8. Those a**holes whose nut allergies have ruined peanuts on planes for everybody
Came across this tongue in cheek article in my FB feed along with a response from Scratch or Sniff.
It is difficult for me to understand, why people are offended by anyone, with a severe, potentially fatal nut allergy, requesting fellow passengers on a plane to please refrain from eating nuts.
Having a grandchild with an allergy to peanuts and tree nuts has made me fully aware of how children and adults live with these types of allergies. Monitoring what our grandchild eats is a constant worry for her mom and us as grandparents. Allergic kids pose a serious concern for families.
Ingestion of nuts, skin exposure or inhaling the dust from nuts can cause anaphylaxis and end a child’s life in a matter of minutes.
Using this potentially fatal allergy dilemma as humor and adding this to a list of annoyances during air travel is, in my opinion, thoughtless. We all have snarky comments about air travel these days but if someone was in danger of dying, I would never even think to eat a handful of nuts or complain about my child not being able to eat his PB&J sandwich inflight.
Seriously, just how selfish and unfeeling have we become when traveling?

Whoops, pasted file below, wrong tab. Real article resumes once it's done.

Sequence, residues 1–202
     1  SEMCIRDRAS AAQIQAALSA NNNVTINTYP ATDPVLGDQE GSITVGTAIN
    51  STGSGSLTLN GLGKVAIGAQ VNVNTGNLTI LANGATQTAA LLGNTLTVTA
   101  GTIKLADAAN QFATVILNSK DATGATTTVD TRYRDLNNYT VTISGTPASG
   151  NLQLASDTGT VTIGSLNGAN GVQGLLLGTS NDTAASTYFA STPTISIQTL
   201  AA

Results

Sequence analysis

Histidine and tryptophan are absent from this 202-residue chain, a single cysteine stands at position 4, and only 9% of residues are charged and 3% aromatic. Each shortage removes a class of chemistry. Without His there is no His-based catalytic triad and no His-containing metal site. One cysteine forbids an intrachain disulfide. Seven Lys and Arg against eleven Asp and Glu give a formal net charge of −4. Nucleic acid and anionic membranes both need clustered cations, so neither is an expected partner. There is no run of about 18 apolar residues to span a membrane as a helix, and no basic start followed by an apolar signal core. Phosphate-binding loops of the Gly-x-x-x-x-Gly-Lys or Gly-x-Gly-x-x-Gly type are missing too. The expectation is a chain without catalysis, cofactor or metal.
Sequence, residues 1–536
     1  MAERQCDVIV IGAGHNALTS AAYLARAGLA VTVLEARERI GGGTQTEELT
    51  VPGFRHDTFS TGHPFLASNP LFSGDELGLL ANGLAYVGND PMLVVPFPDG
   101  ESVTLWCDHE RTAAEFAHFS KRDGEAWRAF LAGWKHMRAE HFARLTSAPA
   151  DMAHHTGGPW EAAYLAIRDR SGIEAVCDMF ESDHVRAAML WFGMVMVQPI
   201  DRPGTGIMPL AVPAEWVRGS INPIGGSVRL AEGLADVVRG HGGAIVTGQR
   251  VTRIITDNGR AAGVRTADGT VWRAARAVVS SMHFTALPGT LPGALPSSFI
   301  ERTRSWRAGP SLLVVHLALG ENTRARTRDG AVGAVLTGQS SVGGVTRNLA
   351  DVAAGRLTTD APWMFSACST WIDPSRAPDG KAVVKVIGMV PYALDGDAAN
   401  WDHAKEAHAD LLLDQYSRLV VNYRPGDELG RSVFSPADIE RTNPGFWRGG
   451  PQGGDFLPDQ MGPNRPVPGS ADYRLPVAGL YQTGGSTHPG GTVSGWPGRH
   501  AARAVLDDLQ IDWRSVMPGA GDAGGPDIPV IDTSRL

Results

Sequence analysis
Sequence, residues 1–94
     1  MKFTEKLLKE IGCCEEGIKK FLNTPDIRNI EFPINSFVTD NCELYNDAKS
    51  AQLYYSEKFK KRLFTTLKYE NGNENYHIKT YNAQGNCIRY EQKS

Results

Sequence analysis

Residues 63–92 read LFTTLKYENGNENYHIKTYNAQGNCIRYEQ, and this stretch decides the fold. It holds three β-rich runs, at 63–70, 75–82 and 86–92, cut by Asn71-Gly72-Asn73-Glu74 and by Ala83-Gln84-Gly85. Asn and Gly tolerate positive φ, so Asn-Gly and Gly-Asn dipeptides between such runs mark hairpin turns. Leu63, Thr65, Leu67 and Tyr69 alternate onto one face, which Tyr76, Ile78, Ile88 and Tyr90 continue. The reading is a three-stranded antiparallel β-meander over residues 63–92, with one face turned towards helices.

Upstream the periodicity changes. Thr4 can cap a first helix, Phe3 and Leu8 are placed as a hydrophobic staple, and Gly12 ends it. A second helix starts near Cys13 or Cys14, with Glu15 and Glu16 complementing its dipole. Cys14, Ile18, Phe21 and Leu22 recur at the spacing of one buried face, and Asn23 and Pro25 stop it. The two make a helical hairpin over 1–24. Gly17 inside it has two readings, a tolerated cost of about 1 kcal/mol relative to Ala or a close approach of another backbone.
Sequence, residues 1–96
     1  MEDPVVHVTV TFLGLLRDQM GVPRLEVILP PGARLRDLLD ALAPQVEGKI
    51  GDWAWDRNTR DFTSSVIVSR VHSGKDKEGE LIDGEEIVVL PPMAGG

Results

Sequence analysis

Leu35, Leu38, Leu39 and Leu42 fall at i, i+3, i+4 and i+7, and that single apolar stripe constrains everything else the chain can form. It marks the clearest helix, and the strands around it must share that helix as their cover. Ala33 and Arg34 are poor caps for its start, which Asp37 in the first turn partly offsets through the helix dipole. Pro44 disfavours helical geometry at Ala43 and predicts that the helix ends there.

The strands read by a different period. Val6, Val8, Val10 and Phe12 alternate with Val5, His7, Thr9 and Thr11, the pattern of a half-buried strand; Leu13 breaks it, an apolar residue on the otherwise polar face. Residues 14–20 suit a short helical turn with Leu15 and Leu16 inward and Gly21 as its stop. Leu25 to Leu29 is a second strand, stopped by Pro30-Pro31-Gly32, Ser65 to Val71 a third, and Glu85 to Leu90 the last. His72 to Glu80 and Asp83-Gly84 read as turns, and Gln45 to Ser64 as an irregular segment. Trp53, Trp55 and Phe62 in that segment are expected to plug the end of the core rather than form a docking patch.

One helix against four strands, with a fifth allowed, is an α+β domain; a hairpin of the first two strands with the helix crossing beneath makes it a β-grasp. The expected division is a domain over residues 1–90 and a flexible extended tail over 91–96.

It seems that there is no longer empathy for the human condition, no matter what it is. Just a few days ago, I read where an UBER driver told a cancer patient she deserved her cancer when she cancelled her booking a few seconds after placing a reservation because she left her head scarf at her chemo treatment. WTH? Have we become that callous?
It seems a bit like “compassion fatigue ” to me. We are bombarded on a daily basis with outrageous news about horrible events occurring around the world. Even the television father that many grew up with on the Cosby Show has recently fallen from grace after accusations of being a sexual predator of women. There is so much sad news that we have become somewhat numb to serious and sad events
Empathy is something we as parents and grandparents are trying to foster in our children and grandchildren. Finding small opportunities to grow empathy in our kids is not easy, especially when we make fun of “nut allergies” which many kids and soon to be adults experience. Even if a child is not allergic, they will have friends that will be allergic. Will they avoid these kids or will they be inclusive of them and avoid nuts in their own lunches so they can sit with their friends, who are many times ostracized to a nut-free table at school.
I would hope in general, people become more aware of the seriousness of allergies and the risk of anaphylaxis thereby becoming more tolerant and empathic when they are asked to avoid nuts when traveling on a crowded airplane.
It is just a start!